This is a risky statement, because angels are generally supposed to be present in a portion of space in virtue of what they can do in it rather than in virtue of what they are, whereas the human soul is present in a human body because of what it is, namely the substantial form of this body. Pre-established harmony suspends this common notion of how angels and humans differ.
Leibniz finds an ingenious alternative: The main difference between angels and humans is that angels can easily leave the body they are related to and migrate into another:
Arbitror enim cum naturaliter possibile sit […] esse Entelechias, quae facillime mutent corpus, seu de corpore in corpus transeant, […] (G II 320)
Interestingly, this ‘metempsychosis’ is itself a natural phenomenon, because humans can modify their body as well (i. e. add or subtract parts that thus are (or are no more) parts of their body). Leibniz illustrates this with a somewhat gruesome example: It is possible for humans to cut of their foot and replace it with a wooden substitute (cf. ibid.).
So even though there is no difference in how humans and angels are present in space, this need not imply that angels are incorporated in the same way as humans are:
An vero necesse sit Angelum esse formam informantem seu Animam corporis organici eique personaliter unitam, alia quaestio est, et certo sensu in praecedente Epistola exposito negari potest. (G II 325)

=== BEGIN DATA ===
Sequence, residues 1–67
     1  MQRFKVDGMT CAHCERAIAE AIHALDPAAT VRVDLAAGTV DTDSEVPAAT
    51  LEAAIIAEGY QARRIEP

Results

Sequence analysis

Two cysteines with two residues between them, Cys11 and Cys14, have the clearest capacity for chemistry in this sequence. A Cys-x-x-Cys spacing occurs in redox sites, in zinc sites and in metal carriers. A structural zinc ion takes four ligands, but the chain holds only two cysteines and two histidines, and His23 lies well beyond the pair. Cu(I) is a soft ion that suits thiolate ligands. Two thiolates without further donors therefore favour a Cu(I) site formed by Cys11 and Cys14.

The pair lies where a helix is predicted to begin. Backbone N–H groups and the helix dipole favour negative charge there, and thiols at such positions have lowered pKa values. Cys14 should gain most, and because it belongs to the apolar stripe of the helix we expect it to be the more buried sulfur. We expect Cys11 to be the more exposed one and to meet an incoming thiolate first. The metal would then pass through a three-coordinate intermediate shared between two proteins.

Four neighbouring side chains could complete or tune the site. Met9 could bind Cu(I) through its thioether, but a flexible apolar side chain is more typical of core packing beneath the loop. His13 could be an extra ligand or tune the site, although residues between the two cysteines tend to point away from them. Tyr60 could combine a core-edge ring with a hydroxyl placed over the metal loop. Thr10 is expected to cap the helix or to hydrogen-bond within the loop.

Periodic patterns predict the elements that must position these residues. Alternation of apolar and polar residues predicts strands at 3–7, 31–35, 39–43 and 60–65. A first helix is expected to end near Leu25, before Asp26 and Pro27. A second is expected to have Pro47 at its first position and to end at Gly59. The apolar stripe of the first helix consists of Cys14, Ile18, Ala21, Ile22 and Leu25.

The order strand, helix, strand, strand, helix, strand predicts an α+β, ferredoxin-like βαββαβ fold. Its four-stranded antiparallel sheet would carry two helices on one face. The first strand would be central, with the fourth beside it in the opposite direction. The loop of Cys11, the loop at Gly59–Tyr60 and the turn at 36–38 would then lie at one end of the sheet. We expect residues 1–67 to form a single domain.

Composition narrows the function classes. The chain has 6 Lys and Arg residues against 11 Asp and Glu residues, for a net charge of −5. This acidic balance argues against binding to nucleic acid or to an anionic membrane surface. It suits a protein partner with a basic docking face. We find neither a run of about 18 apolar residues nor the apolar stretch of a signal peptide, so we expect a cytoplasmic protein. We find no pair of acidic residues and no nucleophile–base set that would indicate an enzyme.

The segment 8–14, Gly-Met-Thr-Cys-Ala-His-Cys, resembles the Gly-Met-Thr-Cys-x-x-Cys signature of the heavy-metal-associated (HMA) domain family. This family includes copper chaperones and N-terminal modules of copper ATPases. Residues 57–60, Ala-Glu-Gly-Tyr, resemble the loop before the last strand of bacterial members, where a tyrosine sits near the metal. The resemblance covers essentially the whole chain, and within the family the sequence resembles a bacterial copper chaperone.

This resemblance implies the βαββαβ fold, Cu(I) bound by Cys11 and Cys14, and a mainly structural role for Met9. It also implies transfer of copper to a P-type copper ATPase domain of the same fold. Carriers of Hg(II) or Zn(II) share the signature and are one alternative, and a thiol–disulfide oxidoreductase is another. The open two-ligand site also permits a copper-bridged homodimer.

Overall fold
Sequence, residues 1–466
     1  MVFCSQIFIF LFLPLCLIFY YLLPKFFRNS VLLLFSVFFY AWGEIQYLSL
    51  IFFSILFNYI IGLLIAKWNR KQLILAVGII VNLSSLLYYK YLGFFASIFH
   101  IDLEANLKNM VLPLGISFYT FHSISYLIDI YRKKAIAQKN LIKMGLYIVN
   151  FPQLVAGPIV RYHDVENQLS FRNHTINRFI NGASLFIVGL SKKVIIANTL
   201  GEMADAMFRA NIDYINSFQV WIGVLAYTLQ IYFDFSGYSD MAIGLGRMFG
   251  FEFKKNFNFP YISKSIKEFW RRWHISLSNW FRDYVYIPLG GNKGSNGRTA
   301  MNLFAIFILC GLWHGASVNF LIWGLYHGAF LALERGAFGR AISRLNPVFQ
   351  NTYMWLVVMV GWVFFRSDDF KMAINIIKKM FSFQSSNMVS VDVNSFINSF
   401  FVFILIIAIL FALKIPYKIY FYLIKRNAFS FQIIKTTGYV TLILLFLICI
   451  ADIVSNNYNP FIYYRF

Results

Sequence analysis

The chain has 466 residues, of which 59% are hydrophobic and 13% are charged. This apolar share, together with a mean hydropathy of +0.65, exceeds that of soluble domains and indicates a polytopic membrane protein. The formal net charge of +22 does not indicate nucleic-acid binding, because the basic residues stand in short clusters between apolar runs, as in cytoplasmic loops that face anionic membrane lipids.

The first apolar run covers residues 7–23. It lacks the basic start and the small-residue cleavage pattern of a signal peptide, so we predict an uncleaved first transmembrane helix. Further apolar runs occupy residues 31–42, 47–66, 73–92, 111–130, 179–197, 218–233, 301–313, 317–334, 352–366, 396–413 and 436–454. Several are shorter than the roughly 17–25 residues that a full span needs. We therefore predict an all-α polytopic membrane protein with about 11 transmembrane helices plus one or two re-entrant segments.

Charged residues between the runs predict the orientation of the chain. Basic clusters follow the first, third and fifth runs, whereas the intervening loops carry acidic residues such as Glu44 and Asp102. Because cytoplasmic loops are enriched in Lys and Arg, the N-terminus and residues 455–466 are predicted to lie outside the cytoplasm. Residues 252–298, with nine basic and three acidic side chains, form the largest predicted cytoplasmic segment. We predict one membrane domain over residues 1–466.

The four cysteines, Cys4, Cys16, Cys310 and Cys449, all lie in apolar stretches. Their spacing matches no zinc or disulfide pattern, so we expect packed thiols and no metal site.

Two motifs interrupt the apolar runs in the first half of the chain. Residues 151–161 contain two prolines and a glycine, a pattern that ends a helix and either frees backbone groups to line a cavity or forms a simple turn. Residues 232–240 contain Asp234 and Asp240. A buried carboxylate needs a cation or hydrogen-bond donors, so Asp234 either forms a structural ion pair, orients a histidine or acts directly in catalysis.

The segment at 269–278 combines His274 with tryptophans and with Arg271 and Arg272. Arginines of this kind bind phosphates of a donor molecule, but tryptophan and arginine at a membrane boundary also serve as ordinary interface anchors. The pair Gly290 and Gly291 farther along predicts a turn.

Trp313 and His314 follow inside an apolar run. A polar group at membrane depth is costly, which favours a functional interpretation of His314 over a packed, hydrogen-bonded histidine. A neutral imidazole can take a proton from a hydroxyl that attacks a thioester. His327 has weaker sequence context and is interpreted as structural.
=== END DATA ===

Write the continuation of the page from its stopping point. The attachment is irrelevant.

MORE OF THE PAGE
If angels can migrate from one body to another with a higher degree of volatility than humans, angelic existence does not rest on a ‘personal unity’ of mind and body that is characteristic for humans. This is what makes angels different from humans.
We have contemplated how angels relate to the physical world at large, i. e. to phenomenal bodies that are aggregates of substances. But Leibniz points out that angels are in a more radical way dependent on matter. Like all other created substances, their entelechies require ‘prime matter’ (materia prima). This requirement is conceptual, so that even if we may concede that an omnipotent God may deprive angels of the phenomenal body they are related to, their relation to ‘prime matter’ would remain unaffected.
Etsi ergo Deus per potentiam absolutam possit substantiam creatam privare materia secunda, non tamen potest eam privare materia prima; nam faceret inde Actum purum qualis ipse est solus. (G II 324f)
An angelic entelechy must be limited by ‘prime matter’, because substances are always active. It is matter that serves as a passive counterpart to this persistent activity. If an entelechy was freed from this, it would be ‘pure act’. This however would imply that God would be able to create a second deity which is logically impossible. So whereas angels are distinguished from humans by their ‘metempsychotic’ capabilities, their difference from God consists in their dependence on ‘prime matter’.